An example of a good, thorough edit
Let’s jump right into the editorial pool for a swim, shall we?
In a previous piece, I posted a very short book excerpt so that you could practice your editorial skills on someone else’s raw writing. It’s easier to see someone else’s difficulties on the page than our own, and I want to help you understand that editing is all about words on a page. It is not a judgement on you personally.
Now I’d like to lead you through the editorial process I used on this piece.
To begin, I’ve repeated the whole excerpt and then added my general comments. I’ll post my line-by-line edit when next we meet.
———– The Excerpt —————-
“Yes, sir,” snapped O’Malley as he pivoted and smartly left Captain Fauser’s office.
Captain Fauser, following his dismissal of Sergeant O’Malley made the appropriate entry into his daily log book. Next he searched his in-office computer screen for the index entry on Roswell, New Mexico. A portion of the Roswell file was labeled MOST HIGHLY CLASSIFIED. The only information provided on the computer screen was the indexing of incoming phone calls regarding this historic UFO episode. All incoming calls were required to be reported in person if possible within four hours to his supervising officer, in this case, Colonel Kevin Schmidle. Since Fauser had previously made similar reports on this subject he was familiar with the drill. First, he dialed Schmidles’ office, also located in the Pentagon, and scheduled a meeting for that afternoon. Fauser then collected the tape of the phone call, the stress analyzer printout, and the telephone trace information. At 14:30 hours, Captain Fauser straightened his Navy issue blue tie and presented himself to Colonel Schmidle in his more spacious wood paneled government-issued office.
“What’s up this time, Captain?” asked Colonel Kevin Schmidle.
Captain Fauser reported that The Pentagon had received a telephone call this morning requesting information on the Roswell incident. The caller identified himself as a Mr. Rick Franke. Upon receiving the call, standard protocol was engaged and a trace on the call was placed to establish a preliminary telephone number and address. The stress analyzer indicates that the caller intentionally misidentified himself. From the initial information collected it appears that the caller was a Mr. Casey Foster employed by The Washington Post. Mr. Foster indicated he would place a follow-up call later in the week so that I could report the results of my research on his request.
—————— My General Comments ——————
You’ll have to take my word for some of this because I’ve edited this whole book and you haven’t but here goes.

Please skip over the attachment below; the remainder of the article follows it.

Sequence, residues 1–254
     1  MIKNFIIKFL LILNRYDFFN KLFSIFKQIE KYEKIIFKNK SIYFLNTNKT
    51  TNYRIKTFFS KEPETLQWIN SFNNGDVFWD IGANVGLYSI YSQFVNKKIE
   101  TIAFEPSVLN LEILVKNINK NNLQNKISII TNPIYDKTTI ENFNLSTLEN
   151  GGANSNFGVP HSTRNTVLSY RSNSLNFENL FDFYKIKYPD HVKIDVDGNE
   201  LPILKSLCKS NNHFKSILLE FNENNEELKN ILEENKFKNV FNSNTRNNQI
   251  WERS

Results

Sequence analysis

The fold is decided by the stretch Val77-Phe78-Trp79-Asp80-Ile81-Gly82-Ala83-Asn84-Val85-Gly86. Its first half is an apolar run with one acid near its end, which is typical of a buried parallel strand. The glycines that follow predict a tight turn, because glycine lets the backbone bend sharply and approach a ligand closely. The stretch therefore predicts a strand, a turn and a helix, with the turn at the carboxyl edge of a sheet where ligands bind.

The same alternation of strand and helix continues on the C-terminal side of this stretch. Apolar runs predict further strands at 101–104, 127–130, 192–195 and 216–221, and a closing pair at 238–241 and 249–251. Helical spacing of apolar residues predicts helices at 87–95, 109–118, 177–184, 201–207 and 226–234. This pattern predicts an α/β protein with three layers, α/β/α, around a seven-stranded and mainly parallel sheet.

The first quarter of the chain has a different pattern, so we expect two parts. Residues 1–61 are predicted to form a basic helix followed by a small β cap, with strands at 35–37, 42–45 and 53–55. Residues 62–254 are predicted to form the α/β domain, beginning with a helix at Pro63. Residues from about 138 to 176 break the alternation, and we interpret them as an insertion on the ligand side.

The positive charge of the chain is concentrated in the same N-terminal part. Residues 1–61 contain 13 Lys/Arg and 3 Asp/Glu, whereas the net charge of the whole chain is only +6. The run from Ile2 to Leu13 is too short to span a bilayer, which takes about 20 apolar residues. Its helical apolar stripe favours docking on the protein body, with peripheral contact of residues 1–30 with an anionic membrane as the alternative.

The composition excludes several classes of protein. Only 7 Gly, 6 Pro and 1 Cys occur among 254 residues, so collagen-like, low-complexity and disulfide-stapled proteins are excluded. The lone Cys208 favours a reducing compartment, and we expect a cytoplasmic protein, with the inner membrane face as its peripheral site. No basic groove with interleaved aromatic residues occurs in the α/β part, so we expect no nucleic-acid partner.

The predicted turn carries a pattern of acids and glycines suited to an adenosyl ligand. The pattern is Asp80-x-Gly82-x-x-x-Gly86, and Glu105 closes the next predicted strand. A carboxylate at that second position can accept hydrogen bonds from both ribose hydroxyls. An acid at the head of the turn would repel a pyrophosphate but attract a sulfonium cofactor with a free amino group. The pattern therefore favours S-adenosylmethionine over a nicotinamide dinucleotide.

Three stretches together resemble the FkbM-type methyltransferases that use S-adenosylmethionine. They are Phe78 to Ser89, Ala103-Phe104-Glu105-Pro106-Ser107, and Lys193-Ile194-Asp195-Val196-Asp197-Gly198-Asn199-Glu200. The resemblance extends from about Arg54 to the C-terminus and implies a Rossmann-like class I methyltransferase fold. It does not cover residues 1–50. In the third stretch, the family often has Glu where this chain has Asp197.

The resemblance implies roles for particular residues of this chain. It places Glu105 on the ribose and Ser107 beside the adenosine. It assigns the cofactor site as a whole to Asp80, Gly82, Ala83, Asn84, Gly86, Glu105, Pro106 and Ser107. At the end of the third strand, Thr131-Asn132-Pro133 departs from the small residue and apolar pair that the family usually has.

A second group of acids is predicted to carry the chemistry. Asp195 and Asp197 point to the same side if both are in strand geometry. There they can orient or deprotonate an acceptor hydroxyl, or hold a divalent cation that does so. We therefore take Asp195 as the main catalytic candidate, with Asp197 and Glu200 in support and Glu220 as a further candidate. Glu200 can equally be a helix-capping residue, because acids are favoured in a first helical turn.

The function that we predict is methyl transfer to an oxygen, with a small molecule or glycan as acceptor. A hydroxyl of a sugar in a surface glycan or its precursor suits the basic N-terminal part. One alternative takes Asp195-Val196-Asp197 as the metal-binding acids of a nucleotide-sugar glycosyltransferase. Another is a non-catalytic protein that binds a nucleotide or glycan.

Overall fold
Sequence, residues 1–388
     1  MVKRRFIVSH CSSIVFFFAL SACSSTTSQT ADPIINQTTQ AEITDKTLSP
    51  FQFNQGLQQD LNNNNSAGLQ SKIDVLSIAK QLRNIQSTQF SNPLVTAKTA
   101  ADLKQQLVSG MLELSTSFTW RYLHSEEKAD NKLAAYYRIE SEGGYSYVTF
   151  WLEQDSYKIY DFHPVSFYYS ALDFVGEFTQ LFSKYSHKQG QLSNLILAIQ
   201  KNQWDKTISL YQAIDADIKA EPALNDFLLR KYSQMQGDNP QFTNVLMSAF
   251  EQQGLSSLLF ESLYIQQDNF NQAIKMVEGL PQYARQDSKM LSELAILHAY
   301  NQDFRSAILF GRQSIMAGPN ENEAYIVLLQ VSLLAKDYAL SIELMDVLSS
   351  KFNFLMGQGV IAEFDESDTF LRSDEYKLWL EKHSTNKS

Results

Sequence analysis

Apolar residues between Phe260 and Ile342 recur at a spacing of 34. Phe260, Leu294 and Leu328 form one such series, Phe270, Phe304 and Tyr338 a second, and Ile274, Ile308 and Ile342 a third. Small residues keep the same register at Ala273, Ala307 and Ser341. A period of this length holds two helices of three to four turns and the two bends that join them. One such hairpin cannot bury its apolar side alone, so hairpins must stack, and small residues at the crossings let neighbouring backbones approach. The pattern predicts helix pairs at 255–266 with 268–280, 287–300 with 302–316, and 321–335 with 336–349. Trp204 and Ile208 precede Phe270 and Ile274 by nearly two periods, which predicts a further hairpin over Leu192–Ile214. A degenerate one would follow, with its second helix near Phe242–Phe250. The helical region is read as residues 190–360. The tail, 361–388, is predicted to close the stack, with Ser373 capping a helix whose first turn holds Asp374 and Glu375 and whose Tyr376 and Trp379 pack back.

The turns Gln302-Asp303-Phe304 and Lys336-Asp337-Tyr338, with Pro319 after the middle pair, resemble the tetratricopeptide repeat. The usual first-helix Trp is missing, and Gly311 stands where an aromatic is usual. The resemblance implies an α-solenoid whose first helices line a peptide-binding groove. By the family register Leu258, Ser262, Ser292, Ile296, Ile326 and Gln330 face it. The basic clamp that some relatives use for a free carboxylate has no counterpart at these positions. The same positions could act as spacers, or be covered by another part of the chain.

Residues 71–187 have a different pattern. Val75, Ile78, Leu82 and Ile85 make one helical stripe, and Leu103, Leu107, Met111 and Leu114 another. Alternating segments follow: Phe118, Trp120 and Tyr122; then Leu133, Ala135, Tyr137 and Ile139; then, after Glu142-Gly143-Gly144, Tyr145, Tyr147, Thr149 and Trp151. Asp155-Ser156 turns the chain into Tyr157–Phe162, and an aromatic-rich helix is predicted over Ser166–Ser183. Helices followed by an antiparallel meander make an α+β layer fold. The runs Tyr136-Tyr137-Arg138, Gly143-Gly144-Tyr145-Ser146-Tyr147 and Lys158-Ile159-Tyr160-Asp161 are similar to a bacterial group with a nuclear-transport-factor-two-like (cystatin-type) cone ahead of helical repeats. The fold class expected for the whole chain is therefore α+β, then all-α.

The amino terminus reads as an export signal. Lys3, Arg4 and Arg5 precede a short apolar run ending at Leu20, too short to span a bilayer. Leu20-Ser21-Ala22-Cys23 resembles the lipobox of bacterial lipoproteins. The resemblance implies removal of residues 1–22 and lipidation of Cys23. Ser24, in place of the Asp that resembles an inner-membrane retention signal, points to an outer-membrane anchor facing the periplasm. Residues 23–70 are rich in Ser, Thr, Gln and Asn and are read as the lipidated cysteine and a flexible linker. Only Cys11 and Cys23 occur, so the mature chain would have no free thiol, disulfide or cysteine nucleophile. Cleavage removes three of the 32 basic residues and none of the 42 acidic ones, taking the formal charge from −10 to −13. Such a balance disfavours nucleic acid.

The entire tone of this book is stilted, stiff, and formal. This is supposed to be a novel, a work of fiction, and readers expect a certain amount of ease in their prose under these circumstances.
In this excerpt, that formality is emphasized by the use of administrative lingo such as “index,” “incoming,” and “scheduled.” These are “cool” words, meant to distance a reader from the action, and yet it is obvious from the rest of the book that that was not the author’s intent.
There’s a military flavor in the use of 14:30 hours. If this were a book set in the military, this might be acceptable. But the military aspect of this novel is minimal. Unless you’re writing a “ticking clock” screenplay, most readers will be annoyed and distracted by specific references to time. They’re keeping track of your story, not their clocks.
Nowadays, would anyone say “in-office computer screen.” Most of us would just say “his computer.” The author’s wording makes him seem computer illiterate.
There’s unintentional humor here as well in the phrase MOST HIGHLY CLASSIFIED. Really? If the Pentagon has such a classification, they’ve kept it secret for decades. And even if they do, I think this phrase comes across as something the writer did solely to impress his readers. It’s akin to putting up a billboard to tell readers that THIS IS IMPORTANT!!!
Part of good writing is keeping the phrasing smooth so that the reader is effortlessly drawn into the world you create. Putting anything in all caps actually interrupts flow, making the reader stub his optical toe.
Two other comments and then we’ll meet back here again next week.
Comment number one: Take a close look at the second paragraph and note the words index and indexing. These are red-flag words that draw far more attention from a reader than “the,” or “was,” or “and.” Not only are they repeated in back-to-back sentences, they are used to convey two different meanings.
Repetition of red-flag words or phrases should be done deliberately, and in a way that the reader notices for a good reason. You could repeat a word to replicate a sound such as “clop, clop, clop” or repeat it between characters as an inside joke. I’ve used deliberate repetition twice in my comment below. These are examples of what I mean.
Unless you are using repetition to achieve a specific effect, eliminate it.
Comment number two: If you read this book excerpt aloud, you’ll realize that the tempo of each sentence is similar to the one before it and the one after it. This plodding tempo adds to the stilted feeling of this piece.
As listeners, we are very adept at picking up on monotony. In fact, we often avoid speakers who repeat and repeat and repeat themselves.
As readers, we’re not consciously aware of this same factor in writing. When asked to explain why something bores us, we might not be able to pinpoint the cause.
Tempo is just as important on the page as it is when we speak as it is in music. One of the best ways to improve a piece of writing is to say it out loud. Your ear can often hear what your eyes cannot see.